Sunday, March 3, 2013

Noam Chomsky Discusses the WTO

In earlier posts, I have discussed how the World Trade Organization was created specifically to further the interests of the United States. When the U.S. is being catered to, as they were in the Uruguay Round, the talks proceed. But the instant there is something that the U.S. doesn’t like, they will stonewall the proceedings until it simply dies.

Even when the laws are written by and for the U.S., they are sometimes used against the US. That’s kinda’ the nature of laws. Of course, this is unacceptable for the U.S.. This was the cause of the shift from GATT (General Agreement on Tariffs and Trade), to the WTO. GATT was created specifically to take advantage of American power in post-WWII international relations, and as such, it was enormously beneficial to the American market.

Technology and society shifted, as it often does, and the benefits of GATT also shifted, from the US to other industrial nations. This obviously couldn’t stand, so Reagan along with his buddy Margaret Thatcher pushed for the creation of the WTO. The first round of talks began in 1986 and the WTO was officially born on January 1, 1995.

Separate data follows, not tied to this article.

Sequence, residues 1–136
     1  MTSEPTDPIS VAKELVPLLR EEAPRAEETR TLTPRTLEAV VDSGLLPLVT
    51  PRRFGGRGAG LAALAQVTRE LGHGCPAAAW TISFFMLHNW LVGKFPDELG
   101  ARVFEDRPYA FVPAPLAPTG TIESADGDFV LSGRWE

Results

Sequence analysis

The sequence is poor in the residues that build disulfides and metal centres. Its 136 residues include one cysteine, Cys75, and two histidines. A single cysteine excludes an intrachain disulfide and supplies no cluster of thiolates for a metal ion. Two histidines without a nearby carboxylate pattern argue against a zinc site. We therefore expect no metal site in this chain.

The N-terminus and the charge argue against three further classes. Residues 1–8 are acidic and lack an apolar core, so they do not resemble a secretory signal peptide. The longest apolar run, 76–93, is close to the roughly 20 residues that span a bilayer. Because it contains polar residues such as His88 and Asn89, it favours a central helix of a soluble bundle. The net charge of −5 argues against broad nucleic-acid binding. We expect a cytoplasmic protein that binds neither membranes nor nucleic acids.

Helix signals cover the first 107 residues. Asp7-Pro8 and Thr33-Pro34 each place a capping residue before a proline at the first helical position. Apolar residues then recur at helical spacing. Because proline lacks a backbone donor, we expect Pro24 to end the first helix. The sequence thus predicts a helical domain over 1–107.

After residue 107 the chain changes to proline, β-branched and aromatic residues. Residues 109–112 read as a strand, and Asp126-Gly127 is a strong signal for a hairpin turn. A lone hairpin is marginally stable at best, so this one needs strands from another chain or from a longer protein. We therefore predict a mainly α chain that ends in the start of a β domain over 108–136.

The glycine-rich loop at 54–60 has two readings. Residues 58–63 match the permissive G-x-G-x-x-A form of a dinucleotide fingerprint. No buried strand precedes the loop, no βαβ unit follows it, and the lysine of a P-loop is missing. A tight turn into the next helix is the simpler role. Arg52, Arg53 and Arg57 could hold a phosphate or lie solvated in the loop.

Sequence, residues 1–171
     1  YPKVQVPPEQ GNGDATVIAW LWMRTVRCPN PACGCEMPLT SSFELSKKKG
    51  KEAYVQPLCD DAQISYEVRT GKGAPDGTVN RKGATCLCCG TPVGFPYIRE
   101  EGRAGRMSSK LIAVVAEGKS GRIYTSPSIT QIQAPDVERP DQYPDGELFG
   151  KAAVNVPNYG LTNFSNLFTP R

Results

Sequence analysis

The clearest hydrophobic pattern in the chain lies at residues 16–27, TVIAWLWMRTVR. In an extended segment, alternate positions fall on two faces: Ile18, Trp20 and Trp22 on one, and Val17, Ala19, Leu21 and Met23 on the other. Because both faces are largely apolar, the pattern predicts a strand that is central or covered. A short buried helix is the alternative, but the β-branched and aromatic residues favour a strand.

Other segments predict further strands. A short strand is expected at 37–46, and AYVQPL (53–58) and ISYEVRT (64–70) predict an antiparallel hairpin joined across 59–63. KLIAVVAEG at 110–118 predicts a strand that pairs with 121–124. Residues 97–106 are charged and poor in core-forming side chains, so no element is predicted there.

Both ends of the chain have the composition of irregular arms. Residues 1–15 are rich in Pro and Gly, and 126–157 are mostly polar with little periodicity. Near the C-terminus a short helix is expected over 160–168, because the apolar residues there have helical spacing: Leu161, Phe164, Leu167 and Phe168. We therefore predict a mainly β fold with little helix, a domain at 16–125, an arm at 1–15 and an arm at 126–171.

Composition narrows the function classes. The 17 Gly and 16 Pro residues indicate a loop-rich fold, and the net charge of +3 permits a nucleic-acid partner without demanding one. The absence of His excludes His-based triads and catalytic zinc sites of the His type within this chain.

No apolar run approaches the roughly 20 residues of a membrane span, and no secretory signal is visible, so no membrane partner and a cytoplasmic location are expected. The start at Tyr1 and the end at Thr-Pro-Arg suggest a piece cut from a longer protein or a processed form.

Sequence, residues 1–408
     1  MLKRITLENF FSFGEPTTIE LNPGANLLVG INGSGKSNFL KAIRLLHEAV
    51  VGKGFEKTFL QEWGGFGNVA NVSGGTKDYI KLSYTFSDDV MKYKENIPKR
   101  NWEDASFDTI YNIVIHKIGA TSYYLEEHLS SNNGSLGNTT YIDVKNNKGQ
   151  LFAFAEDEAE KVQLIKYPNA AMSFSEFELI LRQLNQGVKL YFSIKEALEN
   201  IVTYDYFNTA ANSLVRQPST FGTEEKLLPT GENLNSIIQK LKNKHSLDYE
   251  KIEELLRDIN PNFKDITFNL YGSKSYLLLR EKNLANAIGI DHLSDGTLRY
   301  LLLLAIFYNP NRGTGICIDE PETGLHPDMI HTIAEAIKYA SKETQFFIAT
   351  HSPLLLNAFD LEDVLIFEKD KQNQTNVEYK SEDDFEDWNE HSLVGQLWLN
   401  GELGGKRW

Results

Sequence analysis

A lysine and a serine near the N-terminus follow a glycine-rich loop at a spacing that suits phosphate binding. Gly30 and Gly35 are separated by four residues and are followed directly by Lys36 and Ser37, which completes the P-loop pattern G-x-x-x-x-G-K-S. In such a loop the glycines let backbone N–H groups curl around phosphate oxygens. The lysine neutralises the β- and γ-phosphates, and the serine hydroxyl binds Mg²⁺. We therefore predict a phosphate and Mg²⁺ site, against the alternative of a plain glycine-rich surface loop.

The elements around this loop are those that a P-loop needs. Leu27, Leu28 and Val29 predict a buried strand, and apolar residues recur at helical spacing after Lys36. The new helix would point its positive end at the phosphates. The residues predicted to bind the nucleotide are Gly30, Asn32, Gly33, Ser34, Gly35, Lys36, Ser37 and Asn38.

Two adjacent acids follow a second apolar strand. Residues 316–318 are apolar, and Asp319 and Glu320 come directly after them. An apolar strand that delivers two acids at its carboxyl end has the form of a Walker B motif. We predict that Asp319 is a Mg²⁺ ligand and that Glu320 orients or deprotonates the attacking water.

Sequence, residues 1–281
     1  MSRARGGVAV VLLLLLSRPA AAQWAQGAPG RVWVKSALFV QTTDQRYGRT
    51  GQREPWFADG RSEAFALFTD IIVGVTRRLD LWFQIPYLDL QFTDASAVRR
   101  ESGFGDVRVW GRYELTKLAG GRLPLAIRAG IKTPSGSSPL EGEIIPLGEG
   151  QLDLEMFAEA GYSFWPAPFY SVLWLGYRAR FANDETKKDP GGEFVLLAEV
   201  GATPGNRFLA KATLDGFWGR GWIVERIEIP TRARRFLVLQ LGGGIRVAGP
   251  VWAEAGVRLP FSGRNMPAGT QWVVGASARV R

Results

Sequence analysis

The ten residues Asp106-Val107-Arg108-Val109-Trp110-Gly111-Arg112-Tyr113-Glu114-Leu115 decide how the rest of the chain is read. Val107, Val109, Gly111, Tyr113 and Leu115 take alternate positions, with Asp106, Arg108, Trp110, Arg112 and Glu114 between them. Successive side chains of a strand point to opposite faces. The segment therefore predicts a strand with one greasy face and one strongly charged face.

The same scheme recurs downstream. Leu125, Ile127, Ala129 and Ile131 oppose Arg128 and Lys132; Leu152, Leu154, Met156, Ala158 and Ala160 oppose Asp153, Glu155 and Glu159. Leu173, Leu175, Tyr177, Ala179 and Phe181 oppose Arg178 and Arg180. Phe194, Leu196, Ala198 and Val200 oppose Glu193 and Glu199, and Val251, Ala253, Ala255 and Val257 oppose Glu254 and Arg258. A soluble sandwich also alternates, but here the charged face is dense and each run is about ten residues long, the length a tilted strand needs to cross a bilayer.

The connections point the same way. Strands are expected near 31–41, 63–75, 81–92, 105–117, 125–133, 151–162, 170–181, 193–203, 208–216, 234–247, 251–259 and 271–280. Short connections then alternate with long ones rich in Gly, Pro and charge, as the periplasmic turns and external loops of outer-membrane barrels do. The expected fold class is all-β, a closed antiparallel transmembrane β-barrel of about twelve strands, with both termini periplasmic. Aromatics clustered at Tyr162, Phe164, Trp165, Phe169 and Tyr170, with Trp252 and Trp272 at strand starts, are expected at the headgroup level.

It’s just a little bit of history repeating, though, and now the WTO is proving problematic for the U.S.. So, yet again, they are trying to rewrite the rules in their favor. Only this time, other nations aren’t the flaming piles that they were post-WWII, or the pliable little minions in the U.S. vs. Russia Cold War. They are actual nations, with actual desires, and they demand to be heard.

For your viewing pleasure, I present Noam Chomsky, a man far smarter than I. In his trademark, dulcet tone, he presents a stark, utterly depressing portrait of American economic hegemony. I believe that the video is from a 2003 series of interviews.

And just because I mentioned it in my article, afterward you can listen to Shirley Bassey and The Propellerheads singing History Repeating.

No comments:

Post a Comment

All comments are moderated, so it may take up to 24 hours for your comment to appear.